Class Notes (838,343)
Canada (510,861)
Geography (806)
GEOG 210 (123)
Jon Unruh (119)
Lecture 8

Lecture 8

8 Pages
100 Views
Unlock Document

Department
Geography
Course
GEOG 210
Professor
Jon Unruh
Semester
Winter

Description
Lecture 8: The Making of Cultural Landscapes 2/5/13 8:41 AM Quiz 2 has been extended by a day. It is now ending at 5pm on Saturday, February 2. Reading: Fellman et al, Chapter 5, Entire Chapter The Concept of Nature//Progression in Views of Nature What is a Resource? An Environment? • Visual resource in Quebec o Tourism o What was not a resource in the past, is a resource today and vis-a-versa • Resources change constantly Humans designate as ‘resources’ • Only those things which they consider useful and have the knowledge and technology to use it o Window of Opportunity o Provide desired goods and services o Natural stuff failing to meet this requirement is called: § “Neutral stuff” § “Nuisance stuff” • Resources are time sensitive and person sensitive. What is Nature: Cultural Variation in Views of Nature What is and is not a resource is a matter of perception. A perceived set of resources differs over time and space to reflect variations in: • Physical Presence • Knowledge • Technology • Social structures • Economic Conditions • Political Systems Resources are not spread evenly. The location must line up with the window of opportunity to exploit that resource. A lot of inputs have to line up to be able to use a resource. What is a Resource? Resources are visible, but not always from the service. This difference in WHERE resources are WHEN, and for WHO is important in the formation of cultural landscapes: • Particularly where the cultural significance of: o Landscapes o Flora o Fauna o Ecosystems All these things vary between social groups. If we use it, it is a resource. Exam: What is a resource and give an example? What is Nature? Western views of the environment: • We start with Paradise o All things good o Luxurious garden o Mild climate all year o Ripe fruit on every tree o No thorns, stinging insects o No aggressive animals o No want or danger o And Ideal state o Historically: In the Judeo-Christian Tradition, Paradise is good and wilderness was then seen as a manifestation of evil. § Then, wilderness embodies ú 1. Danger ú 2. Beyond Control ú 3. Terror of the wild, leading to a hostility toward nature ú 4. Evil, supernatural, monstrous ú 5. Mystery, fear § Wilderness as ‘evil’ ú For the greeks, there were many demons that lived in the wild places. ú The lord of the woods for the Greeks was called “Pan” and was part man part beast. § Views of Nature ú Safety and happiness depended on getting away from nature and wilderness. ú But for much of history, reality was forced to live on the land. ú They wanted to control the land. § Nature is just their garden and cultivated field. The good part of the natural world. o Humans in this tradition wanted to control nature: § Fire § Domestication of animals § Clearing land and raising crops o The reduction in the amount of wilderness and the increase in the amount of cleared agricultural land in an area. This marked achievement and advancement toward civilization. o The earlier people in this tradition lived too close to wilderness and danger and hardship were everywhere. o “Civilizing” areas meant bringing order to chaos and changing evil into good. • Later, with the advance of this ‘civilizing’, nature became viewed as something useful. o Trees became lumber o Prairies became farms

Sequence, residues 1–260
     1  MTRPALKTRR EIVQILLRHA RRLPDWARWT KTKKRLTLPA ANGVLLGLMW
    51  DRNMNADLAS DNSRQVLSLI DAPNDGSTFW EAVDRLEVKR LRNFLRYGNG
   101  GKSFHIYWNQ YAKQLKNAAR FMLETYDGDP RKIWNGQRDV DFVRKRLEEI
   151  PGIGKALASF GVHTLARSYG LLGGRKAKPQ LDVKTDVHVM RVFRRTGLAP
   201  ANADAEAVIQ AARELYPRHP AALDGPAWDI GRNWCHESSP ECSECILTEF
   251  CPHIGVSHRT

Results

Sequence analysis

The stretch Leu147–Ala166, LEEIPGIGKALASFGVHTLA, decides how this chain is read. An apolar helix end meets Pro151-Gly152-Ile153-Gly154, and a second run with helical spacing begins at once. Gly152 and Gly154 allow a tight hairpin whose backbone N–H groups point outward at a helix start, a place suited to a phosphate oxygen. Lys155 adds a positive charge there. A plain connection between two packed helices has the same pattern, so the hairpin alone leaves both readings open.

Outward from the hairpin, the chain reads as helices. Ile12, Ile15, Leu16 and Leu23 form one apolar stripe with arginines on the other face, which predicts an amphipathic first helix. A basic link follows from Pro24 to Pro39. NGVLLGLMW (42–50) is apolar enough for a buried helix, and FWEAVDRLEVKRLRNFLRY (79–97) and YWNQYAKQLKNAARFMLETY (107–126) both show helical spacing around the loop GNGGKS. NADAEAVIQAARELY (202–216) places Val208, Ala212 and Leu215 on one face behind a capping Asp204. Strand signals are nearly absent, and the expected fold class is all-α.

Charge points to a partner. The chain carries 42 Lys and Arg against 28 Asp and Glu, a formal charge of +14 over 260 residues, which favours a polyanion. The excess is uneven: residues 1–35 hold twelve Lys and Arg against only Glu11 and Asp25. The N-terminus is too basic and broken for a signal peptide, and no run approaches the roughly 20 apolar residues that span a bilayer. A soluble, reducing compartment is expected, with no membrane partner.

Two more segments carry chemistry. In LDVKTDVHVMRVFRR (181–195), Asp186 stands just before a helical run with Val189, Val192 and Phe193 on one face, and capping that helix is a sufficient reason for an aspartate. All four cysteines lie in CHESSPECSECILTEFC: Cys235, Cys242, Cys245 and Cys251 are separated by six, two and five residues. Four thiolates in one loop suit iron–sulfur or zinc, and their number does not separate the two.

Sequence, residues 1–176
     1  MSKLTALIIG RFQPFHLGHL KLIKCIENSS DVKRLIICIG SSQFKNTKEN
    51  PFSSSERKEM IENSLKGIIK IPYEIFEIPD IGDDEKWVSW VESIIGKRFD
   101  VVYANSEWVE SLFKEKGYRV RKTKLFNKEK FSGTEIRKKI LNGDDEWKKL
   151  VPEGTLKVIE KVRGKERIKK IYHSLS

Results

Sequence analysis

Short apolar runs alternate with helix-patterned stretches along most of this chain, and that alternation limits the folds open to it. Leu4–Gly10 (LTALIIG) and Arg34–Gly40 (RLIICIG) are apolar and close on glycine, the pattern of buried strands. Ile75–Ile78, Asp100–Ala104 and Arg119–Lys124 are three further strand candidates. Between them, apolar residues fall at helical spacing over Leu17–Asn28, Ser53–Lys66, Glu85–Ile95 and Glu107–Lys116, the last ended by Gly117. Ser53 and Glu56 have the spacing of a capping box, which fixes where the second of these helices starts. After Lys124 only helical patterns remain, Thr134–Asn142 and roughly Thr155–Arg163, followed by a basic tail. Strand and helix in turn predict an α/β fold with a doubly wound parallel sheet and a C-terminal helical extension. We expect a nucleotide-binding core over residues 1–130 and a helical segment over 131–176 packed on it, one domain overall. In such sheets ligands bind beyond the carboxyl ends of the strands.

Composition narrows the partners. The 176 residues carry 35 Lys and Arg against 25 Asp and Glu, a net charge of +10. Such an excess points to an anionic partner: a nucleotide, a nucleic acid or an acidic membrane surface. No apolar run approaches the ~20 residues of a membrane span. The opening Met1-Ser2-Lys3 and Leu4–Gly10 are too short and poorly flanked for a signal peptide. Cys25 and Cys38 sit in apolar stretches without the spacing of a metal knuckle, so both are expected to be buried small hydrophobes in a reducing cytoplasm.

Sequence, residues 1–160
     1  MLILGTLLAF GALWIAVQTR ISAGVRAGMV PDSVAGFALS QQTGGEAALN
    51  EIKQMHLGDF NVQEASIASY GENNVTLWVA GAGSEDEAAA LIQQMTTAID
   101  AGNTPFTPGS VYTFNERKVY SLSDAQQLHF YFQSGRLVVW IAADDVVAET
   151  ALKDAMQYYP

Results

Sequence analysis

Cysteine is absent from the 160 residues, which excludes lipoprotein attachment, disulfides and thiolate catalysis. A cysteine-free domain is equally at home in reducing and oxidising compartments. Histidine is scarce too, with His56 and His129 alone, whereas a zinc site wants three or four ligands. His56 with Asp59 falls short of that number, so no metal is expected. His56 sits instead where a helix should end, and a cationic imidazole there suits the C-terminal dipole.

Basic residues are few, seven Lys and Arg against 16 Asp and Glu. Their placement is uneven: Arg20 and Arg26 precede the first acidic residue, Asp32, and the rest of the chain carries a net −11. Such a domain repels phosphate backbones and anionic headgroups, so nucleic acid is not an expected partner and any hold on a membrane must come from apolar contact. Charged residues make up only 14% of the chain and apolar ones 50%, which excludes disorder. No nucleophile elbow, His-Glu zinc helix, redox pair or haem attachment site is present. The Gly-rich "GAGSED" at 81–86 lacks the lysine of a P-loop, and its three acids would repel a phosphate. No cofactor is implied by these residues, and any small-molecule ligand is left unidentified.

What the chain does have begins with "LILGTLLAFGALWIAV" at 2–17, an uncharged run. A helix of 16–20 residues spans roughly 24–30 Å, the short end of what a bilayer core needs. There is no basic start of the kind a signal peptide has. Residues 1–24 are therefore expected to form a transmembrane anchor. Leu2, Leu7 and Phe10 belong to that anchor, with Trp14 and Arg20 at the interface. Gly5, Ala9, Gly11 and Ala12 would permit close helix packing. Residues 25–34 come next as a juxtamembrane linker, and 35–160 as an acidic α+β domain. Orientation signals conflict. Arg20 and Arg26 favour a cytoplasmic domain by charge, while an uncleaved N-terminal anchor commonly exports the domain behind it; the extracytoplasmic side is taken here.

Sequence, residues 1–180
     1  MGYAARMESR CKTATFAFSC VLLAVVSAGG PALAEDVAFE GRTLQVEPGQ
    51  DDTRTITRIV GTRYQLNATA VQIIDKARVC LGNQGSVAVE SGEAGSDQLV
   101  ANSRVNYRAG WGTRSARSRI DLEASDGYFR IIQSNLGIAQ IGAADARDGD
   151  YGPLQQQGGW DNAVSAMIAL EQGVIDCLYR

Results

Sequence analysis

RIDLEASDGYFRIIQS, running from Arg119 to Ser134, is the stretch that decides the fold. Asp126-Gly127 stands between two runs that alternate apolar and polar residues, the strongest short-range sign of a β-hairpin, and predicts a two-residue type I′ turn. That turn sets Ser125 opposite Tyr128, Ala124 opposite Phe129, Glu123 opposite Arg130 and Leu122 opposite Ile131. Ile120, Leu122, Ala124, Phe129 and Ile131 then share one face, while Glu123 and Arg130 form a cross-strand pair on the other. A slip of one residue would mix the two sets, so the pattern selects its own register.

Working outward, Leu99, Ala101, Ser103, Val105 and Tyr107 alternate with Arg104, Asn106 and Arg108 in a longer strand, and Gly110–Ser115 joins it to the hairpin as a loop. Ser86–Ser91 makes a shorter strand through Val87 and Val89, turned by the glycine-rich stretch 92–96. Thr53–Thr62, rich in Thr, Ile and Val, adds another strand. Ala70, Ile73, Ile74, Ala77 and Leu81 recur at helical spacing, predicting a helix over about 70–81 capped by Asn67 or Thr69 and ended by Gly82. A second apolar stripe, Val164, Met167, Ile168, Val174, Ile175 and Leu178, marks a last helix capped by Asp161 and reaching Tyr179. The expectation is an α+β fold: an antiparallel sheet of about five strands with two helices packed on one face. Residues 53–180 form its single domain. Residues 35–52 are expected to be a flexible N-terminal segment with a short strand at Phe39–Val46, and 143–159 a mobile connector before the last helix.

More Less

Related notes for GEOG 210

Log In


OR

Join OneClass

Access over 10 million pages of study
documents for 1.3 million courses.

Sign up

Join to view


OR

By registering, I agree to the Terms and Privacy Policies
Already have an account?
Just a few more details

So we can recommend you notes for your school.

Reset Password

Please enter below the email address you registered with and we will send you a link to reset your password.

Add your courses

Get notes from the top students in your class.


Submit